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James Hyerczyk

U.S. West Texas Intermediate and international-benchmark Brent crude oil futures settled higher last week as speculative investors continued to increase bets that OPEC and its allies would come through with the production cuts a technical committee recommended the week-ending February 7. Short-covering may have also contributed to the rally with traders turning a little more optimistic that the corona-driven demand crisis had reached a peak. The markets are also on track for their first weekly gain since early January.

Last week, April WTI crude oil settled at $52.05, up $1.73 or +3.44% and April Brent crude oil finished at $57.32, up $2.85 or +4.97%.

OPEC, IEA Cut Crude Oil Demand Growth Forecasts This Year

OPEC cut its forecast for oil demand growth this year, saying the coronavirus outbreak was the primary reason. The cartel said it now expects 2020 daily oil demand growth to be 990,000 barrels per day (bpd), which is 230,000 bpd below prior forecasts.

Meanwhile, the International Energy Agency (IEA) said oil demand is set to fall year on year in the first quarter for the first time since the depths of the financial crisis in 2009 hurt by the coronavirus outbreak in China.

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Corona Virus Update

Crude oil jumped more than 3% at the high earlier in the week as traders eyed deeper production cuts from OPEC, and as China reported the lowest number of new coronavirus cases since the end of January, easing concerns about a drop-off in demand for oil.

Conditions changed later in the week, however, after China’s Hubei province, where the virus is believed to have originated, reported 242 new deaths, double the previous day’s toll and the fastest rise since the pathogen was identified in December.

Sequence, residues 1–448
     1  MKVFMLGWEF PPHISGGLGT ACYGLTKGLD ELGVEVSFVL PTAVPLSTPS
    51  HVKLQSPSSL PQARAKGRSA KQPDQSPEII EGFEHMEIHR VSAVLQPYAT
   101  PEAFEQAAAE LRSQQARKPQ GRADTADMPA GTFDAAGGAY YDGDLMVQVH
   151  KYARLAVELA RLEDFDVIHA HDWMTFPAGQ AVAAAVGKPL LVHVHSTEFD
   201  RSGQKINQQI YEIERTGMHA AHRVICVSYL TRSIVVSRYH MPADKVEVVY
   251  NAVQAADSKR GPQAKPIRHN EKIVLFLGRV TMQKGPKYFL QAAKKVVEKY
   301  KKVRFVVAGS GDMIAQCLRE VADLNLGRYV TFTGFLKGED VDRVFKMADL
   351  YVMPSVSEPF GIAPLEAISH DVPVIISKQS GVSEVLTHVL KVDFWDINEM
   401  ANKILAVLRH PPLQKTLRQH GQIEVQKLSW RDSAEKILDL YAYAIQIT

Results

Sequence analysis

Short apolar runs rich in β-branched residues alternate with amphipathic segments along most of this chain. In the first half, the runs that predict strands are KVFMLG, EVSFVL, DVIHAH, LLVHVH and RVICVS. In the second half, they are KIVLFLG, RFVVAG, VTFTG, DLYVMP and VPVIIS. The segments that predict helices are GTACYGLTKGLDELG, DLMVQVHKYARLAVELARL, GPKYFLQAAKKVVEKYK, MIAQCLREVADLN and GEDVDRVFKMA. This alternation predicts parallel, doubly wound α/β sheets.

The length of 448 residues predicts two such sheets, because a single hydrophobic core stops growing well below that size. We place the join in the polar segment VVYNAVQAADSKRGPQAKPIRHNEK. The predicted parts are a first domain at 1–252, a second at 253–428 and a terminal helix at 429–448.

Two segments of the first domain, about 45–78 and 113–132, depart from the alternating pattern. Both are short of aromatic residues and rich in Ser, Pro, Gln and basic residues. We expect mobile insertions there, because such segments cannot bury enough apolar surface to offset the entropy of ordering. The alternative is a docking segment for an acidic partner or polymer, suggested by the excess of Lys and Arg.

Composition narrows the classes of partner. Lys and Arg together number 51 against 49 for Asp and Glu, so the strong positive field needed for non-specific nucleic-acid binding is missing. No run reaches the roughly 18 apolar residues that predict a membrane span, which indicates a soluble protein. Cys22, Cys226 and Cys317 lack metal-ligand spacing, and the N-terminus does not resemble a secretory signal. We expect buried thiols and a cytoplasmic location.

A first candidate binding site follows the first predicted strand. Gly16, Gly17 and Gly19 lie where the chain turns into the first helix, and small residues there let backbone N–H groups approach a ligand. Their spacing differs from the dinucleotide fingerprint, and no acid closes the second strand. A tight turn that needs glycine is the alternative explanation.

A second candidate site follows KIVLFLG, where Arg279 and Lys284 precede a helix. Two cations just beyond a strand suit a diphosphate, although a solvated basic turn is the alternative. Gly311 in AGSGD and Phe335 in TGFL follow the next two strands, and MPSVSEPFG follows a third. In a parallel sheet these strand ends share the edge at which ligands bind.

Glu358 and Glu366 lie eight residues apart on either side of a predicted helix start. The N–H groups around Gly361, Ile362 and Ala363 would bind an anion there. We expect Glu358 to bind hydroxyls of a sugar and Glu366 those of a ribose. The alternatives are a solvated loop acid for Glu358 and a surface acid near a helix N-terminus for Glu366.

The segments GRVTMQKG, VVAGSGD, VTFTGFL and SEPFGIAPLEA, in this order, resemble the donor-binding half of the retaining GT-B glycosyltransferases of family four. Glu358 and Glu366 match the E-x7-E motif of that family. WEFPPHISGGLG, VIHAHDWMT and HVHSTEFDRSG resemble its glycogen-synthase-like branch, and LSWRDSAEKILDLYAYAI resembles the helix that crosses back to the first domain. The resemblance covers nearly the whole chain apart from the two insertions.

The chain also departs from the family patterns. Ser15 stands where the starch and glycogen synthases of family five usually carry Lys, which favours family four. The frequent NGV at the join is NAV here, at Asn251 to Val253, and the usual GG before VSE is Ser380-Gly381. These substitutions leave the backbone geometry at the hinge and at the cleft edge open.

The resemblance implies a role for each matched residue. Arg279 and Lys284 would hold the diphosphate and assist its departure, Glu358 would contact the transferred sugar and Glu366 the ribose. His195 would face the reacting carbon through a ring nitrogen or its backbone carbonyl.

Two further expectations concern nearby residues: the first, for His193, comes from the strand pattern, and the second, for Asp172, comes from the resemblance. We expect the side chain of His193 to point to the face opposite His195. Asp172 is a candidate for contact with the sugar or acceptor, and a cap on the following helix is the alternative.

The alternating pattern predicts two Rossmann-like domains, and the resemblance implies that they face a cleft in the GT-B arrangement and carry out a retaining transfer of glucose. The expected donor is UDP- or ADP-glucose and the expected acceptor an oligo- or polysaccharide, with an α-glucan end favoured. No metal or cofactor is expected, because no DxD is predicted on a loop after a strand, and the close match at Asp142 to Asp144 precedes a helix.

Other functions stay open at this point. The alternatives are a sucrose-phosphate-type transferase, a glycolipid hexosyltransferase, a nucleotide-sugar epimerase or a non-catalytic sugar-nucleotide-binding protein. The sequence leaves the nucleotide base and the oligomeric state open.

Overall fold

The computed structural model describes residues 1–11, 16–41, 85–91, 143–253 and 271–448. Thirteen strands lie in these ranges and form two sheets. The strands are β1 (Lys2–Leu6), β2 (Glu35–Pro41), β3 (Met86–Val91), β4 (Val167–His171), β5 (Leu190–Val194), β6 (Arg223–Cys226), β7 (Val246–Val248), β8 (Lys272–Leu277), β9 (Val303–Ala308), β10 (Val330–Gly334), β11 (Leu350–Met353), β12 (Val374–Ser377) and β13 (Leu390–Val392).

Ahead of the week-end, traders were reacting as if Chinese officials had the spread of the coronavirus outbreak under control.

U.S. Energy Information Administration Weekly Inventories Report

The Energy Information Administration (EIA) said on Wednesday that U.S. crude supplies rose by 7.5 million barrels for the week-ended February 7. Traders were looking for a 2.9 million barrel build.

The EIA data also showed a supply decline of 100,000 barrels for gasoline, while distillate stocks fell by 2 million barrels. Traders were expecting gasoline inventories to rise 700,000 barrels, however, distillates were forecast to fall by 900,000 barrels.

Weekly Forecast

The bearish demand forecasts from OPEC and the IEA are likely going to encourage OPEC and its allies, especially Russia, to implement the additional production cuts recommended the week-ending February 7.

An OPEC+ technical committee recently recommended expanding production cuts to put a floor under falling oil prices, although there was some resistance from Russia. The major producer said it needed more time, but the new demand forecasts are likely to encourage Russia to sign off on the OPEC+ deeper cut.

Short-covering should drive prices higher if Russia announces it is going along with the output cuts, but gains will be limited since the cuts will not be enough to overcome the demand decline. If Russia passes on the cut, then this will be a disaster. Prices will plunge to multiyear lows.

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